The huge pain point in the healthcare industry is lack of information to the patient. Right now, patients are only communicated with verbally or on paper. And you can imagine how this leaves the patient either hearing something wrong or forgetting what was said or simply not understanding. Recorded video acts as an extension of the healthcare team and it allows the patient to watch the videos at their own pace and place, rewatch them with their loved ones, and watch them in any language. The patient is better able to retain the information because it’s audio-visual learning. The videos are great because they take the work off the plate of the care team so they don’t have to have redundant conversations or maybe they didn’t even have the conversation with the patient because they didn’t have the time. There are so many benefits to using recorded video that will improve the patient experience and health outcomes and it will become a vital layer in their care.

What are your “5 Things I Wish Someone Told Me Before I Started” and why. (Please share a story or example for each.)

  1. You will drink from a fire hose. When I started Health Care Transformation and The Health Care Cube I had to learn and do everything. I have always been a healthcare expert but now I feel confident that I’m an expert is so many facets of starting and running a company.
  2. Your resilience will be tested. Starting a company is incredibly difficult. Things will go wrong literally all the time. But attitude, passion, and work ethic push you along and will reinforce your resiliency.
  3. Find people who are also humble, hardworking, and smart. One of my mentors told me this after I learned my lesson too many times. It can be hard to find good people. Test them and ensure they are humble, hardworking, and smart. Otherwise they aren’t worth your time. Find those who are willing to give more than they get.
  4. The innovators are your first clients. I spent a lot of time reaching out and thinking that some of these old-school organizations would jump on the Health Care Transformation bandwagon. No- find your innovators and the others will come along once they have seen the social proof.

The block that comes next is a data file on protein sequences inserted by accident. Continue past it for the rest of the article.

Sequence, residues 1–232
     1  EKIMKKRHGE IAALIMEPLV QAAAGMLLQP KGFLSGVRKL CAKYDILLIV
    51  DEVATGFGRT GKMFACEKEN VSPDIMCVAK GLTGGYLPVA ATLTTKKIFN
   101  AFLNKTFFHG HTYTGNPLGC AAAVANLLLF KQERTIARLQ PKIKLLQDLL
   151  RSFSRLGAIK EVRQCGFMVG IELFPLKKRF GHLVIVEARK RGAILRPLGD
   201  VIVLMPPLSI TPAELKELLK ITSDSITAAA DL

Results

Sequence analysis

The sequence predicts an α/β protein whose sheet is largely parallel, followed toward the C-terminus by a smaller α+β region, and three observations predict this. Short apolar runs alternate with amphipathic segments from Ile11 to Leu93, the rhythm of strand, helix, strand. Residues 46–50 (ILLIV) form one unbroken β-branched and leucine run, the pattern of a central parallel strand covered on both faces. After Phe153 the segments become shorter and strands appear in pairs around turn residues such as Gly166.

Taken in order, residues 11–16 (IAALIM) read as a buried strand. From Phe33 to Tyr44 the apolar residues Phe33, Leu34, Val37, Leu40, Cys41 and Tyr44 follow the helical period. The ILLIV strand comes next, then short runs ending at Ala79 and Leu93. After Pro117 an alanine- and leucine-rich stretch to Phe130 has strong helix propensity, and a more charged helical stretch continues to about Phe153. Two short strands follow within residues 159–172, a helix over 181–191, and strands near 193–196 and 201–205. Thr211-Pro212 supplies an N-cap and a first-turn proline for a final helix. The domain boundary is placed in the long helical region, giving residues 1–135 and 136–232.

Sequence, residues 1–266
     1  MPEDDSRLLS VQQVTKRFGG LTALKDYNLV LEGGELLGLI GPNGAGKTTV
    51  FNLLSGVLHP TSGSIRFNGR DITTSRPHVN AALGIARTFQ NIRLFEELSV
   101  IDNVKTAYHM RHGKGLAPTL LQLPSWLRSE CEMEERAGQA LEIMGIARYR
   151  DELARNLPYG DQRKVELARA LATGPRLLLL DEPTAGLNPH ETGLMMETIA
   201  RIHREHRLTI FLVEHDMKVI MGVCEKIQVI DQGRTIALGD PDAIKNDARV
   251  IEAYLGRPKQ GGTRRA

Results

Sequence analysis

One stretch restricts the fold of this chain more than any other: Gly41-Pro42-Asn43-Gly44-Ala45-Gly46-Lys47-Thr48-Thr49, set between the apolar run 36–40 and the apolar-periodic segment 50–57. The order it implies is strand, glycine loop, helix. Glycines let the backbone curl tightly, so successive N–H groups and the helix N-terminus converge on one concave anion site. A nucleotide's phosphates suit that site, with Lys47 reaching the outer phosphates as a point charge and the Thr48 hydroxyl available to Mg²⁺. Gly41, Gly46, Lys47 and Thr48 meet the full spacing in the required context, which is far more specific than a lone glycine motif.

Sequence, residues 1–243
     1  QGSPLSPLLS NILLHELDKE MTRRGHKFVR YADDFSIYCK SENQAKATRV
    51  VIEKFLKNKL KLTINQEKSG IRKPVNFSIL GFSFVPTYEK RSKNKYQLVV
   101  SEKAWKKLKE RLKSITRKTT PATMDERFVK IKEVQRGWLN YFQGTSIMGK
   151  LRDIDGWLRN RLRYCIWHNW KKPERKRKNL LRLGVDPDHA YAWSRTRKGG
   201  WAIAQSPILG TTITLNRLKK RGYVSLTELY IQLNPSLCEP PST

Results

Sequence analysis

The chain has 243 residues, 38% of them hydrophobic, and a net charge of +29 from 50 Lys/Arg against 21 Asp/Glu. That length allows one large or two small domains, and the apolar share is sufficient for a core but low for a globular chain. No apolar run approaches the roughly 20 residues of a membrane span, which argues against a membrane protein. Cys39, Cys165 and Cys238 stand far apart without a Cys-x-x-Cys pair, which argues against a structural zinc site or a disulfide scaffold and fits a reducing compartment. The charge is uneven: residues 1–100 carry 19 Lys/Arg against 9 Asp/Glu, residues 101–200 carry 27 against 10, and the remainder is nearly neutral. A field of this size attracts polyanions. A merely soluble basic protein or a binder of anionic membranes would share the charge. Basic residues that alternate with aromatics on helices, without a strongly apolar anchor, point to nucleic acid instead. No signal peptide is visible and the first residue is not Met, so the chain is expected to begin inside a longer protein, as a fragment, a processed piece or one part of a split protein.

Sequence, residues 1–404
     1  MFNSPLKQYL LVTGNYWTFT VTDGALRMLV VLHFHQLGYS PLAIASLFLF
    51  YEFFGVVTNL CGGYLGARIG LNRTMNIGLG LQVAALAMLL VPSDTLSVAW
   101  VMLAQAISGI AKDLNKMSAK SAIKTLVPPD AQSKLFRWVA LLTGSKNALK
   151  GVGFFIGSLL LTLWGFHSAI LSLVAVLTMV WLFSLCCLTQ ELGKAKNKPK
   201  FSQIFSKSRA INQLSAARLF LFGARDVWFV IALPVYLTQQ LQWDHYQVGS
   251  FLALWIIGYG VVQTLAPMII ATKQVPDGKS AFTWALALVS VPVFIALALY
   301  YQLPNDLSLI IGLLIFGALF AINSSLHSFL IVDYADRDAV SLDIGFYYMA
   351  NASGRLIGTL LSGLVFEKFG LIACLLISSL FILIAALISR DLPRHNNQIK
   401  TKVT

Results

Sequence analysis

5. Always work smarter not harder. Again, one of my mentors drilled this into me. I always thought I was working smarter not harder and then every time I look back I would think I was closer to the “harder” end of the spectrum. Truly analyze and critique what you are doing and what goal it is going to help you reach.

Let’s jump to the main focus of our interview. According to this study cited by Newsweek, the US healthcare system is ranked as the worst among high income nations. This seems shocking. Can you share with us 3–5 reasons why you think the US is ranked so poorly?

Yes here in the U.S. we do in fact have one of the worst healthcare systems among the developed nations. We are incredibly high cost- we spend over $10,000 per capita and over 17% of the GDP. We have the worst health outcomes- for example, we have low life expectancy, high infant mortality, and high rates of unmanaged disease such as diabetes and asthma. About 27.5 million people don’t even have health insurance. We have terrible patient experience scores and levels of loyalty. The Net Promoter Score for healthcare organizations is typically in the teens. And our clinicians are burnt out with one physician committed suicide every day here in the U.S.

You are a “healthcare insider”. Can you share 5 changes that need to be made to improve the overall US healthcare system? Please share a story or example for each.

#1 We need to get everyone insured. #2 We need to change the way we pay our providers. #3 We need to change the way we provide care. #4 We need price transparency. #5 We need to better utilize our electronic medical records for communication and care.

Let’s start with #1: We need to get everyone insured. Right now, about 27.5 million people in the U.S. are uninsured. That’s about 8.5% of the population so that means about 1 out of every 12 people are uninsured. This leads to high costs and poor health outcomes so let me tell you a story that exemplifies why this is the case. There was a young man named Kevin who was uninsured. Kevin came down with an issue that probably could have been taken care of same-day in an outpatient clinic that would have cost maybe about $5,000. Due to this cost barrier, Kevin avoided seeing the doctor for his issue but then he ended up in a hospital bed and was there for weeks. This avoidable hospital stay cost the system over $100,000. This is what happens when we don’t have insurance coverage or we don’t have good insurance coverage- individuals avoid needed care and we all pay for it.

#2: We need to change the way we pay providers. Right now, health systems get rewarded by getting you through their doors and doing more. And this isn’t their fault- this is the structure by which we pay them. They get paid to physically see you in clinic, to do the surgery, to scope you, to do more chemo, to do the c-section, they do not get paid to take the healthier less invasive route. And because of this we see increased spending but we do not see the benefit of good health outcomes. If we would pay health systems based on the outcomes of your care they would operate very differently. These types of financial incentives such as capitation and value-based payments do exist but any healthcare administrator will tell you they are not wide enough or strong enough to fully push providers to embrace this shift and change how they provide care.